Five models of Trance are going to be available at dealers across Australia. Two ‘Advance’ models which feature the carbon fibre front triangle. And three standard models which utilize an alloy front and rear triangle.
Pricing starts at $2699.00 for the alloy ‘Trance 3’ and goes up to just over $8000 for the very top of the line carbon ‘Advance 0’, which is the model featured throughout this article and the bike that I rode during the test period.
The Advance model’s frame is constructed using high-performance grade raw carbon fibre and custom resin. These frames are each skillfully made in Giant’s own composite factory. The frames handcrafted monocoque construction make them extremely lightweight, stiff and compliant. The frame boasts an oversized bottom-bracket/chainstay area with a fully integrated 92-mm wide BB shell. The addition of asymmetric chainstays provide additional stiffness on the driveside and stability on the non-driveside. Up front, the frame features Giant’s Overdrive headtube system, which helps to provide the bike with optimal steering stiffness whilst you’re cutting shapes out on the trails.
To experience the new Trance first hand, [R]evolution was recently invited over to Canada to put the bike through its paces on the epically rugged backcountry trails of British Columbia’s Chilcotin Mountain range.
We spent three days in the saddle, clocking up anywhere between 5-7 hours each day. And the trails we rode were certainly no walk in the park. You had to burn it to earn it out there in the mountains. On the first riding day, we actually got transferred way out into the wilderness via seaplane. We got dropped off at a spectacular crystal blue lake where the trail started. This part of the world is completely cut-off. There are no roads, no nothing. The only way to experience it is on horse back, or mountain bike. And I’ll opt for the latter every time. And so with our riding packs loaded with supplies we saddled up and began our adventure…
As I touched on earlier in the piece, myself and the rest of the gang were all riding the top of the line Trance ‘Advance O’ which comes spec’d with all the top-shelf goodies, including a 12-speed SRAM Eagle drivetrain, Giant’s brand new TRX carbon fibre wheels, a set of Rock Shox Pike RCT3’s up front and a Rock Shox Super Deluxe RC3 shock in the rear. With a price tag in Australia of $8299.00, this is almost certainly the best value complete premium level trail bike on the market right now.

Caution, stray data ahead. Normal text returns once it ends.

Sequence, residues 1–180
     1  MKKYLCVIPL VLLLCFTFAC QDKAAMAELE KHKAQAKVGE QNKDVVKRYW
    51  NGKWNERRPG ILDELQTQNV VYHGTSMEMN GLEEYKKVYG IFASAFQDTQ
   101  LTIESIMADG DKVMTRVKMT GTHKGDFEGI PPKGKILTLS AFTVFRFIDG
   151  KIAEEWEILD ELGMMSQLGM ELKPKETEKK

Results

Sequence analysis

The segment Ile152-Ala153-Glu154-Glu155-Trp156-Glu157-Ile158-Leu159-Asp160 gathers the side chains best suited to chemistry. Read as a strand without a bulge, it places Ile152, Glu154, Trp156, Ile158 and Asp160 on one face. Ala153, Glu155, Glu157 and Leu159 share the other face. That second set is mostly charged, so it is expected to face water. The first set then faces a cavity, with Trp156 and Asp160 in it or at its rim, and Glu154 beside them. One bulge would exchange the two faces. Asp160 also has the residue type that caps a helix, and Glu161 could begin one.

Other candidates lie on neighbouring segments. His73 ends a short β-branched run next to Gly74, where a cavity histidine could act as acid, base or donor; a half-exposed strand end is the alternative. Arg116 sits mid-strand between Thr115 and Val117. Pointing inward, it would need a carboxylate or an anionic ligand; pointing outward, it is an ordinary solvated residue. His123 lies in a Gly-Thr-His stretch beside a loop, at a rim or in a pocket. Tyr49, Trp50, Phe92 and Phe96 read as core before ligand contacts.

The start of the ride had us climbing towards the clouds for a solid hour. A mix of lung busting pedaling and hike-a-bike-pushing up sections that could almost have needed a ladder. From the outset of the ride it became clear that the Trance’s climbing manners have improved. The Maestro is tuned such that I felt comfortable leaving the shock setting in the fully ‘open’ position the entire ride. In fact, I don’t think I ever once found myself reaching down to change compression settings even on the steep climbs towards the end of the ride, when I was well and truly gassed. If I had to stand up in court and testify one thing about how the bike climbed steep and technical stuff, I’d have no qualms in stating, “Extremely well”.
I’ve also got to say I was really impressed with the bike’s rear suspension tune. It’s amazing how plush and active it felt, especially considering it is only running at 140mm of travel. Due to the lower air volume in the shocks canister, it delivers a lovely light initial movement into the suspension travel. For sure helps the bike feel glued to the terrain and track in the corners. In fact it almost felt like a coil in the beginning of the stroke, and very supple off the top. On the rough section, big hits were met with a nice ramp up and a controlled return to ride height, no bucking or packing down was present.
Whilst the Trance of yesteryear sat in Giant’s range very much as a mild mannered trail bike with one foot firmly in the XC camp, the new Trance is a much more capable beast.
Its far less lycra inclined I guess you could say. Giant have spec’d these bikes so that they’re ready shreddy! You’re getting chunky tyres, nice wide 750mm handlebars, a Pike fork up front, and the list of big mountain friendly parts goes on and on.
Kevin and his R&D team are onto a winner with this one. The new Trance Advanced does what many claim to do but few ever come close to doing, and that is creating a true ‘do-it-all bike that’s capable of mixing it up in an XC race on Saturday and then racing a gravity enduro on Sunday without changing a thing on the bike. Thanks to its clever design, the new Trance shows just how far suspension performance and mid-travel bikes have come. You can be sure the 2017 Trance will remain a modern classic for several seasons to come.